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How to protect our bones and joints

How to protect our bones and joints

Datum: 13.10.2021

Each year, the week after the 12th of October is dedicated to the well-being of bones and joints and prevention of their diseases. This global event emphasizes how important is an early diagnosis of difficulties and disorders connected with our musculoskeletal system, such as arthrosis, rheumatoid diseases, osteoarthritis, or osteoporosis. According to the Institute of Health Information and Statistics of the Czech Republic, musculoskeletal disorders are one of the most common causes of long-term incapacity to work lasting approximately 2 months on average. The Bone and Joint Action Week organized by the United Nations and the World Health Organization is held annually from the 12th of October.

Some of the causes of development of joint and bone diseases are heredity, obesity, unhealthy eating habits, or a sedentary lifestyle. Causes of musculoskeletal disorders may also start in childhood because of incorrect body motions that lead to muscle imbalance resulting in a body posture disorder. 

Preventing musculoskeletal disorders

  • Maintain your optimal body weight, excess weight uselessly burdens our musculoskeletal system.
  • Profit from regular physical activity and stretching but beware of excessive overload.
  • Nowadays, many of us spend a lot of time sitting in front of a computer, therefore pay attention to your sitting position. The height of the chair must allow you to have both feet touching the floor completely, hips must be slightly higher than your knees and you should avoid slouching. 
  • Keep yourself warm. Especially back pain may be caused by cold.
  • Enjoy massages not only of your muscles but also of your joints, using supportive body gels.
  • Prevention also includes sufficient protein intake that ensures normal bone condition.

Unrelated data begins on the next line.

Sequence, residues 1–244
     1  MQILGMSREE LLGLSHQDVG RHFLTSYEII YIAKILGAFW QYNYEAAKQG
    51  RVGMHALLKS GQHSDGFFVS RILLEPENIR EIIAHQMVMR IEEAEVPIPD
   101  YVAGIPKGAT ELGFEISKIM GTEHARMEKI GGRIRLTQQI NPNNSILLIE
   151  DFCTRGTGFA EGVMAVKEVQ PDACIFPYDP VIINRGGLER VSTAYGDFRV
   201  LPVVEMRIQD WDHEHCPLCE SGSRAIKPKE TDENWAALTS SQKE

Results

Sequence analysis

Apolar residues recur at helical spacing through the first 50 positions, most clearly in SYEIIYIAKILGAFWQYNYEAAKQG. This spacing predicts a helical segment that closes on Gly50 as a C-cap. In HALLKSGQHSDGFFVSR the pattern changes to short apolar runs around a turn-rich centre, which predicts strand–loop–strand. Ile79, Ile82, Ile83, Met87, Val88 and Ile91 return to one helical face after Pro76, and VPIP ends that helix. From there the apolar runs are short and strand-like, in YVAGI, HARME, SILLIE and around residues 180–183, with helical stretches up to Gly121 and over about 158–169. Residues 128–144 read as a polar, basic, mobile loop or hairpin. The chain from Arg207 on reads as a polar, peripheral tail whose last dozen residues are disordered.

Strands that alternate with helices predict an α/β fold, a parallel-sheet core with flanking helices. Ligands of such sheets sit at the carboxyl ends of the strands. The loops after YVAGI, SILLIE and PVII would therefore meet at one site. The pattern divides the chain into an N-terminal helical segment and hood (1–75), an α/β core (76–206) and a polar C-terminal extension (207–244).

• Make sure you consume enough micronutrients. Some vitamins and minerals may support optimal bone condition and collagen production. 

Beneficial vitamins and minerals:

Vitamin C

Vitamin C is best known for its antioxidant effects and for its ability to support our immune system. Furthermore, it optimizes collagen production that is vital for normal function of blood vessels, bones, cartilage, gums, skin, or teeth. It also helps us reduce fatigue and exhaustion and absorb iron. Vitamin C naturally occurs in fermented cabbage, fruit, vegetables and in potatoes, making them an important source of vitamin C for Czechs as they consume them as a side dish very frequently.  

Vitamin D

We all remember to be told as children to eat enough calcium and vitamin D to support our bones in growing and developing. This vitamin is also essential for proper functioning of the immune system. The lesser-known effect is the ability to maintain normal muscle functions. Vitamin D is found in fish and their by-products, egg yolk, and other foodstuffs that are often enriched with vitamin D, such as milk, soy milk, or selected cereals. Our skin is also capable, thanks to the UVB sun rays, of producing vitamin D3.

Calcium

As already mentioned, calcium is necessary for normal bone and teeth condition. It also helps prevent mineral loss from bones for women after menopause, optimizes muscle functions, and supports normal energy metabolism. Calcium naturally occurs in milk and dairy products, poppy seeds, some legumes, nuts, and seeds.

Copper

The importance of copper for our organism is not that well-known as majority of population does not suffer from its deficiency. Nevertheless, it is good to know that copper helps us maintain normal connective tissue, optimizes transport of iron in our body, and protects our body cells from oxidative stress. Copper naturally occurs in intestines, meat, cereals, fish, or in chocolate.

Author

 

Nutritional therapist: Bc. Veronika Pokorná, DiS.


Coming soon - Collagen Liquid